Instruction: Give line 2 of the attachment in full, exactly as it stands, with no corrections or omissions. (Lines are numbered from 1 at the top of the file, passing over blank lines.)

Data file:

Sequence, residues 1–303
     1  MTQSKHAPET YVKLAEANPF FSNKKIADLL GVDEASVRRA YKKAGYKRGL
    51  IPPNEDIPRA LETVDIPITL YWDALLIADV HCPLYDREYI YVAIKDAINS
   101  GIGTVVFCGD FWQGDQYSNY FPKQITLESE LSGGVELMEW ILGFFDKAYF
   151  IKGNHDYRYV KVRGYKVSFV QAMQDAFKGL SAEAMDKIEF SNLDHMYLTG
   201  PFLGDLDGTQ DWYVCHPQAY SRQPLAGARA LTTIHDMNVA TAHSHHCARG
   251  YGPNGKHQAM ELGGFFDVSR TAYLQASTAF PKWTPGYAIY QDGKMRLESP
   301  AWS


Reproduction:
     1  MTQSKHAPET YVKLAEANPF FSNKKIADLL GVDEASVRRA YKKAGYKRGL